Annexation truce: Mobile, Semmes reach deal on competition for new residents
MOBILE, Ala. (WALA) - The City Council on Tuesday approved what amounts to a truce with Semmes over the competition for new residents.
The agreement allows for a smoother path toward a referendum this summer that could bring nearly 26,000 additional residents into Mobile. Mobile Chief of Staff James Barber told FOX10 News that city leaders have set July 18 as the tentative date for that election, although he added that it has not been finalized.
Under the deal, Semmes will halt efforts to annex properties in the areas that will vote in the upcoming election. Barber said annexations by Semmes forces Mobile to rodo its annexation paperwork.
“Every time there’s an annexation, we have to rewrite the legal descriptions,” he said. “That really requires us to have to go back before council to pass another resolution to call for the election in those areas. And so, you can see where that can be kind of chaotic.”
Added Semmes Mayor Brandon Van Hook, who previously has expressed reservations about Mobile’s annexation plans: “We’re being good neighbors.”
In exchange, the city of Mobile agrees not to oppose efforts by Semmes to annex properties in the city of Mobile’s police jurisdiction, the zone outside city limits where the city provides police and fire protection. Under a law passed by the state Legislature in 2020, a property owner living in one city’s police jurisdiction must get permission from that municipality in order to join another city.
“Personally, as a property owner, I don’t think any property owner should have to go to any other municipality for their permission to join which city they want to be in,” Van Hook said.
The mayor said the memorandum of understanding affects eight properties along Schillinger Road. They are among 250 pending annexation petitions before the Semmes City Council, which already has agreed to take in 30 to 40 additional properties since the start of the year.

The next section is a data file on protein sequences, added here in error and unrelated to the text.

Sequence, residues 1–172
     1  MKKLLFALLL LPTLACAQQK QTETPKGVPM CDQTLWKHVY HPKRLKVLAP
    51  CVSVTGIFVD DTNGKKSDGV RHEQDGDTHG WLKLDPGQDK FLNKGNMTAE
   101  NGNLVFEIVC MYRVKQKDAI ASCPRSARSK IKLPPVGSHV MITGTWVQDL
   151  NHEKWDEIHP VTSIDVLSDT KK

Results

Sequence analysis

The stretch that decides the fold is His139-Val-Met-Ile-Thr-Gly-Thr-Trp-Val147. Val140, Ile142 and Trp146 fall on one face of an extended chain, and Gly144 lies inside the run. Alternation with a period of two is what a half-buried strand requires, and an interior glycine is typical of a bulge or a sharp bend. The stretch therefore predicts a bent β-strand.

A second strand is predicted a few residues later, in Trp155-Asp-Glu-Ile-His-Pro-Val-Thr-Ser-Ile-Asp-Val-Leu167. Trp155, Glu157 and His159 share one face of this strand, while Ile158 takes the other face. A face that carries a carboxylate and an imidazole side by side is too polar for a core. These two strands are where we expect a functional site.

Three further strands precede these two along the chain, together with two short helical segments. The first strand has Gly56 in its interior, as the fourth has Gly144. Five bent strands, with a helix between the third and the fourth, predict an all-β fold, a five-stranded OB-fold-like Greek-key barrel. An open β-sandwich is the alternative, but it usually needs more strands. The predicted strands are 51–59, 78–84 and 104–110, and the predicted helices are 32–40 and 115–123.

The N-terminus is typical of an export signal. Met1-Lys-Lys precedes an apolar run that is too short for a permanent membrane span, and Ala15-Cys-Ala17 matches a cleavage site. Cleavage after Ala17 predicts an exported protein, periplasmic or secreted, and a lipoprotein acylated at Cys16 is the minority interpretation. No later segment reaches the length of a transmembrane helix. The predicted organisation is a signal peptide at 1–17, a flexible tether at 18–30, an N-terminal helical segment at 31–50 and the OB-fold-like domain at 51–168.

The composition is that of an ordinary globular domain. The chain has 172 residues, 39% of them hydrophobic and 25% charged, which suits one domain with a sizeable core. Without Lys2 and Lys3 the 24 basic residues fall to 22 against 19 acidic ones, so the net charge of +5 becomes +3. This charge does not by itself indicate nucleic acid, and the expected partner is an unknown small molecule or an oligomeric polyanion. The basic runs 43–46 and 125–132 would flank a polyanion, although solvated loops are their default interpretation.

Mobile and Semmes are both trying to expand but are taking different approaches. Mobile has lost about 2 percent of its population since 2020 and is hoping to reverse that with four separate referendums in areas that would increase the population by almost 26,000.
Semmes, meanwhile, has increased population by nearly 10 percent. Van Hook said he wants to bring in one property at a time to fill in areas that now are unincorporated.
“I know I’ve used the term many times called Swiss cheese, because you see, you know, a whole bunch of holes that are in our area,” he said. “Our goal, overall, is to fill in those areas.”
Even if all four of the areas targeted by Mobile vote to join the city, it might be a temporary fix. A report commissioned by the City Council projects that after that initial spike of 25,806 new residents, the city’s population would begin to slowly decline again until the next census in 2030. That is because the projected future growth in the newly acquired neighborhoods would not be enough to offset the anticipated losses in the existing city.
But city officials said that is not ordained.
“We hope that with our continuing growth of jobs in the area and our continuing, continual improvement of services, we’ll stop any decline that has been happening,” District 4 Councilman Ben Reynolds said.
Barber pointed to Mayor Sandy Stimpson’s efforts to increase the availability of affordable housing.
“You’ve also seen many programs that the mayor has launched to really develop within the city, as well as bringing affordable infill housing in the city,” he said. “So we’re hoping to stay that and then reverse that trend of decreasing population.”
If the annexation vote fails, it could set off a competition between Mobile and Semmes, property by property, in areas where their police jurisdictions touch.
Reynolds said he does not know what the next step is if annexation fails to pass, but he added that he is confidence it will pass.
“Well, as confident as someone can be on an election,” he said.
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